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Unions eye Bandith verdict

A female security guard walks past broken windows at a Puma supplier factory in Svay Rieng province in 2012 where former Bavet town governor Chhouk Bandith shot three garment workers during a protest.
A female security guard walks past broken windows at a Puma supplier factory in Svay Rieng province in 2012 where former Bavet town governor Chhouk Bandith shot three garment workers during a protest. Derek Stout

Unions eye Bandith verdict

As Chhouk Bandith yesterday began his 18-month jail term, union leaders praised the arrest of the former Bavet town governor who shot into a crowd of striking garment workers in 2012, though most saw in it no hint of a warming in relations between the government and independent unions.

After spending more than two years in hiding, Bandith turned himself in to authorities on Saturday, less than a week after Prime Minister Hun Sen had publicly called for his arrest.

The February 2012 incident, for which Bandith finally entered the doors of Svay Rieng Provincial Prison yesterday, left three female garment workers from a factory in Bavet’s Manhattan Special Economic Zone hospitalised with bullet wounds.

“It’s a good sign for the unions,” said Ath Thorn, president of the Coalition of Cambodian Apparel Workers’ Democratic Union.

“We have been looking for justice. He committed a crime, but now he is in jail to receive [justice].”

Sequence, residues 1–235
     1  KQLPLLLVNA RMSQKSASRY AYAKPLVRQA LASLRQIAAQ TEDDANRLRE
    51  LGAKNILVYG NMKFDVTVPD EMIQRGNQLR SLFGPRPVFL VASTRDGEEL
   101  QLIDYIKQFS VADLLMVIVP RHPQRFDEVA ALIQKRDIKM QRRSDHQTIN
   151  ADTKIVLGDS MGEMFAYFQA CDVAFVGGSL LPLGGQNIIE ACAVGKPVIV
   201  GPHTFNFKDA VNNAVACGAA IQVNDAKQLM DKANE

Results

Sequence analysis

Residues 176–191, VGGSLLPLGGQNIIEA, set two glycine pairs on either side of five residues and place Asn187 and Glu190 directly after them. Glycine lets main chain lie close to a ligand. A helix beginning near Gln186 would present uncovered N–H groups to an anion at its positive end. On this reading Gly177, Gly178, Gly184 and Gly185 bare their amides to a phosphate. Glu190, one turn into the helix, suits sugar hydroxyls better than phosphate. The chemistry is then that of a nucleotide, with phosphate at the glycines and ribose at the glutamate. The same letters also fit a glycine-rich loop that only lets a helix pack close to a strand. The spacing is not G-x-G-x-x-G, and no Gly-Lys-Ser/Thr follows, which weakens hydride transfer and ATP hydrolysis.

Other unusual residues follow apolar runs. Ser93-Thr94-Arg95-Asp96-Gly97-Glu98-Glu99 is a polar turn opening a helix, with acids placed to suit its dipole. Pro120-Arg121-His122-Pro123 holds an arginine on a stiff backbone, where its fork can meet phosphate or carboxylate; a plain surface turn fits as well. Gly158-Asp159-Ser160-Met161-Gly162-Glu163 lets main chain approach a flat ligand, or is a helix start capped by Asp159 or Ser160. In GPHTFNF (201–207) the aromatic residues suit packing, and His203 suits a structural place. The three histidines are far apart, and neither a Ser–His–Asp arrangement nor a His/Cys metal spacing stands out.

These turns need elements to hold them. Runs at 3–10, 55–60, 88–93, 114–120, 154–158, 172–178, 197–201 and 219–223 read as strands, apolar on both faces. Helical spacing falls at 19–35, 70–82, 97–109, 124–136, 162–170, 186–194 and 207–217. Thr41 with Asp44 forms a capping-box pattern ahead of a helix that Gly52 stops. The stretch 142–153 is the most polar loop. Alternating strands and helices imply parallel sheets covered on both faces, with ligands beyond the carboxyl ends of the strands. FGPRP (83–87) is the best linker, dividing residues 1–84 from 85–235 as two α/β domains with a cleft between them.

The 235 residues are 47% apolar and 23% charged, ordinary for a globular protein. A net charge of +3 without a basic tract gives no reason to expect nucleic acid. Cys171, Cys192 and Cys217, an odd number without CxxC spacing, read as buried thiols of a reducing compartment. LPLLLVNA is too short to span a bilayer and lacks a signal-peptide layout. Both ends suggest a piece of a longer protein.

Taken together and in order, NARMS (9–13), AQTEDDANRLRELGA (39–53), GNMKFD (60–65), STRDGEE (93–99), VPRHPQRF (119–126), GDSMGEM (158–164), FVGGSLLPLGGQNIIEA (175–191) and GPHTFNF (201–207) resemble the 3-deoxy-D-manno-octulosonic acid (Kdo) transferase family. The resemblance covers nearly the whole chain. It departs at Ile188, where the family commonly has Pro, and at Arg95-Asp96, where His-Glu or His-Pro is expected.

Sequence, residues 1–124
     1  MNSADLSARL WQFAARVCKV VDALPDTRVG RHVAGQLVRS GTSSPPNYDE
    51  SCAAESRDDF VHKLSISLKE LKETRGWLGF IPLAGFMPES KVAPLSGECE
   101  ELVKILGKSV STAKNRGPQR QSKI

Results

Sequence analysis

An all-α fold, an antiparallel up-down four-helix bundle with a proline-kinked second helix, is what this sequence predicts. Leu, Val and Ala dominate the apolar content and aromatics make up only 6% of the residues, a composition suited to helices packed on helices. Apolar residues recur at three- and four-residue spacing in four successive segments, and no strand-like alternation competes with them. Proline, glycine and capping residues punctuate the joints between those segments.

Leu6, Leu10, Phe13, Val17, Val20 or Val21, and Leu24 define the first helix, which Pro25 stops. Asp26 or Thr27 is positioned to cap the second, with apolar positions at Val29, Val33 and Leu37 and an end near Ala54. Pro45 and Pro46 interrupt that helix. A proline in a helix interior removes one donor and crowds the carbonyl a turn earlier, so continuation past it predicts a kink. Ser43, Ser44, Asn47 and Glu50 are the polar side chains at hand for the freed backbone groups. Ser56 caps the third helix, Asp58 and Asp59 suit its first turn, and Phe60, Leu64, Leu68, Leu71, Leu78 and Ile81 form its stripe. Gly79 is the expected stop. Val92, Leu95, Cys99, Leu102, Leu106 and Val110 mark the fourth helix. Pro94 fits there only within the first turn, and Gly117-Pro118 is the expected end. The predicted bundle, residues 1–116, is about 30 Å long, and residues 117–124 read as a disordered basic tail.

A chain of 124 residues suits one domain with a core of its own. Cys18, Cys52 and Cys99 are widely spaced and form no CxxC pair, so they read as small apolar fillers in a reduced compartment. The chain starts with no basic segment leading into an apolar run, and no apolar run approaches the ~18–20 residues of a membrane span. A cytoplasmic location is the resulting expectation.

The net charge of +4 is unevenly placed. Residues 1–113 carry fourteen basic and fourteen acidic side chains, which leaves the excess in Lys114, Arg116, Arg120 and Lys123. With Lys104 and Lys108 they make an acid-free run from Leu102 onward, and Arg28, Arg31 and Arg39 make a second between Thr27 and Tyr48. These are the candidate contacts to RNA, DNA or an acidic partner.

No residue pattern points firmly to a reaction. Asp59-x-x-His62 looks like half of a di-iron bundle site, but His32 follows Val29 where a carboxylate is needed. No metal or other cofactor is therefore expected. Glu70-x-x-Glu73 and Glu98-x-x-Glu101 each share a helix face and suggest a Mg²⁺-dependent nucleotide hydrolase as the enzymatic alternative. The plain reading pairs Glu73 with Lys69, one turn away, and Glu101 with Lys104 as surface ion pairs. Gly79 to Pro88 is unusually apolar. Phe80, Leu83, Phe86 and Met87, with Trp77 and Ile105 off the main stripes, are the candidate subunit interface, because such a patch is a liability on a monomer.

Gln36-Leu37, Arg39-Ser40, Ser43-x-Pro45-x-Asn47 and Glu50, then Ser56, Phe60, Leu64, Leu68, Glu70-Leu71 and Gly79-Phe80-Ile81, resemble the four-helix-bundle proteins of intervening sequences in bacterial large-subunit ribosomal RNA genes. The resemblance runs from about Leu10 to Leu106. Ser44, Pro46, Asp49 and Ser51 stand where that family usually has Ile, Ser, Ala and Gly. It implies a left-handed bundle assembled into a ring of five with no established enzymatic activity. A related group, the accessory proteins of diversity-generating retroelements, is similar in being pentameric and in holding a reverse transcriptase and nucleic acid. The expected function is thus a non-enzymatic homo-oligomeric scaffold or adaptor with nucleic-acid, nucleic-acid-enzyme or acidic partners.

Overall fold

Pav Sina, president of the Collective Union of Movement of Workers, also said he welcomed the development.

“I congratulate Hun Sen’s intervention on this,” he said, adding that the arrest would make authorities who intend on using violence against workers think twice.

“I think it is a good sign for workers and unions, and also a warning sign for others who dare to use violence against garment workers or unions when they protest for their rights and working conditions.”

Sina added, however, that the move was likely tied to the recent arrest of Sok Bun, whose arrest was also called for by Hun Sen after video of the property tycoon beating up television presenter Ek Socheata, aka Ms Sasa, surfaced in early July.

Sar Mora, president of Cambodian Food and Service Workers Federation, agreed with the analysis.

“Chhouk Bandith was not arrested for many years since the court convicted him,” he said.

“It’s more about the [three injured] women demanding justice and comparing [themselves] to the case of the TV star.”

At the end of July, the three victims protested in front of the National Assembly, saying that Hun Sen had never called for Bandith’s arrest, unlike in Sok Bun’s case.

Aside from Bandith’s jailing, Mora insisted there had been “no improvement” in the government’s relations with unions, adding that justice has yet to be served to the five garment workers killed by military police gunfire during protests in Phnom Penh in January 2014.

“But we still call for a strong commitment [to justice] from the government,” he said.

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